But if you are borrowing to start the foundation of a rail project that will not be completed until four years later, you will not see the impact for the next four years. However, you will be servicing the debt. So that is the concern. The time lag between when the borrowing is incurred and when the productivity gain kicks into the economy.

Are you  implying  that the benefits of the borrowings will be visible and enjoyed during the regime of the next administration?

This is why they say the taste of the pudding is in the eating. This administration also inherited some debts from the previous administrations, and it will pass-on some debts to the next administration but the point is that the productivity gains have to be seen.

But the good news is that, the projection for our productivity or Gross Domestic Product (GDP)  growth in 2022 is 3% higher,  than the 2.5% for this year, and in 2023 the projection is 2.9%. So it means some projects, not necessarily because of this borrowing, some of the projects for which borrowing was done in the last two to  three years will begin to have their  impact on output and employment  in 2022 and 2023.

So will you describe the concerns about the nation’s debt misinterpreted or a misunderstanding or even unnecessary?

No. The concerns are natural concerns and everybody will be concerned because the fact that you are borrowing does not mean the project will be complete, or it does not mean the project will have the desired impact.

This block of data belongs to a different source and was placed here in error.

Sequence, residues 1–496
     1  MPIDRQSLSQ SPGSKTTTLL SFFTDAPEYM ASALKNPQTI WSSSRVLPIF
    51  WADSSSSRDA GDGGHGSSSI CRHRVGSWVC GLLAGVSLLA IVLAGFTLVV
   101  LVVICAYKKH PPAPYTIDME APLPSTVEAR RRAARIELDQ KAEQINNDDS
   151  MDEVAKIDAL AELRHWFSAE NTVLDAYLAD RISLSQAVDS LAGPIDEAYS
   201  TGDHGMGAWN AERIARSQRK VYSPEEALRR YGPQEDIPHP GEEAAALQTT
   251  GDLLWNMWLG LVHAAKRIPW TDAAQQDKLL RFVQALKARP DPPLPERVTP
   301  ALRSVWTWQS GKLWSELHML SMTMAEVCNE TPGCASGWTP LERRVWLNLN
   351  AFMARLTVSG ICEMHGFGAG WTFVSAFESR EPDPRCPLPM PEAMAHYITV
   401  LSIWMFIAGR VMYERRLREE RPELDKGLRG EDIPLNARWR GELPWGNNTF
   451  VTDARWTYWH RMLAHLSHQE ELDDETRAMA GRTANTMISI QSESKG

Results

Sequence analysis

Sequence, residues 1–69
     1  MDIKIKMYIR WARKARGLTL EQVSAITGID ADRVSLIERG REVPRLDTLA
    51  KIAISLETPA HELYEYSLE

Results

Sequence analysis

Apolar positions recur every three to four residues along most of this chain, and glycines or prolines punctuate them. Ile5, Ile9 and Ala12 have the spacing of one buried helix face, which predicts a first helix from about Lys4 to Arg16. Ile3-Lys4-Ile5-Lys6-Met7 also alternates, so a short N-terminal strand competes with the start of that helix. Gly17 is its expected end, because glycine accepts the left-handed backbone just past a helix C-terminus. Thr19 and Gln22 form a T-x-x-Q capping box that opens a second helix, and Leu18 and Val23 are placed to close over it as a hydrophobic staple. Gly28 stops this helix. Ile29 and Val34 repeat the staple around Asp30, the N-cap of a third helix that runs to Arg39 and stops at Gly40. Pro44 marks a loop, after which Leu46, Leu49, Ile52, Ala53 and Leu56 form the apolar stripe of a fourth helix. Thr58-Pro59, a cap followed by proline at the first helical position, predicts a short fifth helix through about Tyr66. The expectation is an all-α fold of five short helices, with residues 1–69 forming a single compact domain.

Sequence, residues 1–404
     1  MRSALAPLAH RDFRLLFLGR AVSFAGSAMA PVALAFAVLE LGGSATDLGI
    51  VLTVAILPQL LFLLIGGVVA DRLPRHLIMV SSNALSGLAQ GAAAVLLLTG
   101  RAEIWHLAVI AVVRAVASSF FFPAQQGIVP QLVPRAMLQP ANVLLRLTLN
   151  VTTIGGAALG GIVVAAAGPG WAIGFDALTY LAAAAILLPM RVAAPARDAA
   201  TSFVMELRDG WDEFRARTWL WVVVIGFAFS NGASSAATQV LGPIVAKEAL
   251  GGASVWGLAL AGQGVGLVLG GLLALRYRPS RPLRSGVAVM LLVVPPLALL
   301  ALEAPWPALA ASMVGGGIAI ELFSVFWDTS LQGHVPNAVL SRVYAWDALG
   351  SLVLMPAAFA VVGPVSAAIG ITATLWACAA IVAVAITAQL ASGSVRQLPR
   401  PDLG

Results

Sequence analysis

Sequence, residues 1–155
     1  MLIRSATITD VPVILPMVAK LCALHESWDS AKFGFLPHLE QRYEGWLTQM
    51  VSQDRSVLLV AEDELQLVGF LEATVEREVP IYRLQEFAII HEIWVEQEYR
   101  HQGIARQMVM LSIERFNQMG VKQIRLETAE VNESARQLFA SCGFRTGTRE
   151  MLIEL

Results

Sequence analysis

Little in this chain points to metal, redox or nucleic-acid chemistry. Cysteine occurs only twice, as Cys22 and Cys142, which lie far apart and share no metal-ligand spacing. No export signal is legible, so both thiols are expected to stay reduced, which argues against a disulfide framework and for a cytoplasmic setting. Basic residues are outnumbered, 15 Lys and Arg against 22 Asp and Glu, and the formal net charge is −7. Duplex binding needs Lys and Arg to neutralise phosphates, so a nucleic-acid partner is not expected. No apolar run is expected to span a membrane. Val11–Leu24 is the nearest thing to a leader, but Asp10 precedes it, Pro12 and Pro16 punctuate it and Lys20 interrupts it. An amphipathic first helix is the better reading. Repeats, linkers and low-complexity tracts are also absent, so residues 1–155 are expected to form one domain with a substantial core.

So everybody has to be concerned, and say, hey, we are taking a risk and we are incurring debt. The outcome, because it is a project, the likelihood is from beginning to end, simply because of the total package, because it is a turn key project.

For example, if you are building a rail,  let’s say from Port Harcourt to Maduguri, it is expected that the total amount is known, the total amount that is borrowed, and the  payments made, and then in three years, you will have a complete project.

And if you are rehabilitating a pipeline and you know that in two years, instead of having trailers carrying petrol, diesel and kerosine, in two years these commodities  will go through the pipeline. So project finance and project management are key to the borrowing process.

So the question is that, as long as you can identify project specific borrowing as against total borrowing that can be used for anything, the risk (of borrowing)  may be justified.

What is your position on the concerns raised by Professor Doyin Salami, the Chairman of the Presidential Economic Advisory Council, on the additional borrowings requested by the FG? 

He said the debt profile may not be sustainable. In other words, if it (the debt) is not well managed, that is, unless you do something about your revenue, you may get to a point they call ‘a fiscal cliff’.  That   is what he said. It means that fiscal policy has to look at the debt level and see how sustainable it is in the long run. And what you do in such cases is  that you increase the revenue if you can or you restructure the debt. So instead of a five year debt, you may make it a 10 year debt. So that the debt burden, its impact does not weigh excruciatingly on the system.

Should future borrowing be conditioned to specified percentage increase in government revenue or should the FG just continue to borrow and hope for increase in revenue?

No. You can’t be borrowing recklessly. Again, the borrowing has to be project specific. It has to be a project that can increase productivity so much that the productivity gain can far exceed the cost of borrowing. That is the litmus test for borrowing. So I think that kind of analysis has to be done.

And the total debt has a percentage of your GDP, (the limit has been increased to 40%),  you need to monitor that too, so that we  don’t go on a binge of reckless borrowing. That is the most important thing.

Vanguard News Nigeria